I have to (well, I don’t have to, but I’m thinking of it today) again mention my foray into bird watching. The Boulder Fairgrounds Osprey cam this year was “blessed” thanks to a very loving Osprey pair with four eggs–none of which seemingly will hatch. This couple has had nest losses in the past and yet come back each year to build again and have some successes.

Sure–they’re birds and have bird-brains, but we (I) can learn something from them about perseverance.

Bird Geeks (part II)

So, the pandemic (2020) brought upon my house a new hobby–bird watching.

DH and I have always had bird-feeders, but during 2020 have started identifying birds visiting the feeders outside our Denver home. Armed with a bird-identifying book, we seen more visitors this year (I don’t think we are imagining it–more birds and more variety).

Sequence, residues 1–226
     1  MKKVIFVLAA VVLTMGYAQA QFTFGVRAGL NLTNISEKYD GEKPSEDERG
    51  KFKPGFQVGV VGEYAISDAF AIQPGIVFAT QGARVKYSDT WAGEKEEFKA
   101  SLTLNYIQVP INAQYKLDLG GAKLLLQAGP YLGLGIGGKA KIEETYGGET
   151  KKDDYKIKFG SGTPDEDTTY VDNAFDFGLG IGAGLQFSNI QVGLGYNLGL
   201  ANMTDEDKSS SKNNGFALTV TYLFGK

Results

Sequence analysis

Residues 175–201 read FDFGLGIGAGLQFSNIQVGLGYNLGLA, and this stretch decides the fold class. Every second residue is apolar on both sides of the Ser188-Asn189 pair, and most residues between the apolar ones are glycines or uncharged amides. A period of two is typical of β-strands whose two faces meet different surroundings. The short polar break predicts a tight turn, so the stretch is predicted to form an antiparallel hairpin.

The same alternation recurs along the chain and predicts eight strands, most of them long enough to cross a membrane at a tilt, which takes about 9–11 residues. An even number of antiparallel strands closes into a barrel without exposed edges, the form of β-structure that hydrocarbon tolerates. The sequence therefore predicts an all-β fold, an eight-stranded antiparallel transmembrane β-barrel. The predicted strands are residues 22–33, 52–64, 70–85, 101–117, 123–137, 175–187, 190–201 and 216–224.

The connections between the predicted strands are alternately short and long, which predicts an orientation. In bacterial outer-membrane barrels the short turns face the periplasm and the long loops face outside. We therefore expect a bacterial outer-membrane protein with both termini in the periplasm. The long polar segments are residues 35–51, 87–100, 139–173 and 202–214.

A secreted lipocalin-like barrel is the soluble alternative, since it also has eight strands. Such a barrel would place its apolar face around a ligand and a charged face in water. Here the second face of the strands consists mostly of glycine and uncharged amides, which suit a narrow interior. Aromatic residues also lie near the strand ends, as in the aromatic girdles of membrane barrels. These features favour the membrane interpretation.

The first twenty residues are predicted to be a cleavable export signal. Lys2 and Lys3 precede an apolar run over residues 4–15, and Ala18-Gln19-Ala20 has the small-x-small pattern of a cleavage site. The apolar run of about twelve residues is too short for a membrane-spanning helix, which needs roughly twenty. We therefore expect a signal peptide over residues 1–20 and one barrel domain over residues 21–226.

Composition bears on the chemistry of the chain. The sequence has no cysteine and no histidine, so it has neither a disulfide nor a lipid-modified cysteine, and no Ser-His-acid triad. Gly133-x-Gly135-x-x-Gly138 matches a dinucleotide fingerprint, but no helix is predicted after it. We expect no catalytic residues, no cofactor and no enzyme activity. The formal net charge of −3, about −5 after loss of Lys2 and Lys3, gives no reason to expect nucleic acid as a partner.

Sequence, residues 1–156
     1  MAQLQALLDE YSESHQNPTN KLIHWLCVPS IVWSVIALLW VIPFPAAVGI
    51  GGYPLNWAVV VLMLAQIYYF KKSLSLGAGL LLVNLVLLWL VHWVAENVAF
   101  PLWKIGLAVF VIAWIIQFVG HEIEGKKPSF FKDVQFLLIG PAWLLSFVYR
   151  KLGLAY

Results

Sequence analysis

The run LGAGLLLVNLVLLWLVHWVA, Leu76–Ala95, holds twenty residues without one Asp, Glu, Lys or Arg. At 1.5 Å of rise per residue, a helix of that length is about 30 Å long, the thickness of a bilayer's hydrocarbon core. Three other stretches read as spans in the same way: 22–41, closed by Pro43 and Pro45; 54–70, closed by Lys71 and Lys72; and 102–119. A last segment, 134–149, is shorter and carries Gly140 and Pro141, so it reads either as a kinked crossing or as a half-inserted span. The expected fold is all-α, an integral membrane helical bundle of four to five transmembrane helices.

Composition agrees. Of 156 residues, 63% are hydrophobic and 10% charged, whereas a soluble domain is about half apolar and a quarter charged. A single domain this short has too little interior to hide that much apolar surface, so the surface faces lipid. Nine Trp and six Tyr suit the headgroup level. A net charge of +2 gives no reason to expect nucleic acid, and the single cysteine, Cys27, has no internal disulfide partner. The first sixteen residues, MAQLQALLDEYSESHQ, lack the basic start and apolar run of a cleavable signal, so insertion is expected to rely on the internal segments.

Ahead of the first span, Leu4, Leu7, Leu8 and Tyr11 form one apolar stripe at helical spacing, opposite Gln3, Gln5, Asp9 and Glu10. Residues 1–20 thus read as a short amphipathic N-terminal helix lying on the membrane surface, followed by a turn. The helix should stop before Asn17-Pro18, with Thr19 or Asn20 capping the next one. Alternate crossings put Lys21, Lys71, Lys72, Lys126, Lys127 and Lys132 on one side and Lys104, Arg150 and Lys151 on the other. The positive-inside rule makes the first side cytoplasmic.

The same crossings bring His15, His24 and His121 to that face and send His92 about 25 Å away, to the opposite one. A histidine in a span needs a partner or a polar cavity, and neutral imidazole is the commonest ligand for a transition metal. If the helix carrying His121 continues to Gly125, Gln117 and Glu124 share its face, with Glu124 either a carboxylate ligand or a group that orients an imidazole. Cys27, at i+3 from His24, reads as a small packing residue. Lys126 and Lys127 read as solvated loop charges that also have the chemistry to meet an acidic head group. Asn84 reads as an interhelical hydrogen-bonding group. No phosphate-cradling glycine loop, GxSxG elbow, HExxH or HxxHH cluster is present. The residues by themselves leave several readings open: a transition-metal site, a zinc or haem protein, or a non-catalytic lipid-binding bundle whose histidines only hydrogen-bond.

We’ve seen a flock of Waxwings, a “round” of Robins (thanks collective nouns book) that swarmed a near-by juniper tree, blue jays, a flock of bright yellow Gold Finches, pairs of flickers, Orioles, Grosbeaks and Pine Siskins.

Those were merely birds we’ve seen at our feeders. We are also graced by fly-bys by Red-tail Hawks, nightly visits by Great Horned Owl(s) and Crows.

We have taken down our bird-feeders now that it is nearly summer–we found that keeping it up attracts pigeons–and then foxes and coyotes, and soon we have created an entire eco-system (or rather circle of life).

We have, however, put up Hummingbird feeders–they visit Denver on their way to the “high country” of the Rocky Mountains.

Oh, and there’s the Osprey Cam that I watch during hatching season.

Talk about “binge watching.”

Lessons Learned at the “Spa”

Went with my two grown daughters to a spa in Arizona. It was a spa that was once a “no alcohol, no carbs, no wine” spa. No fun.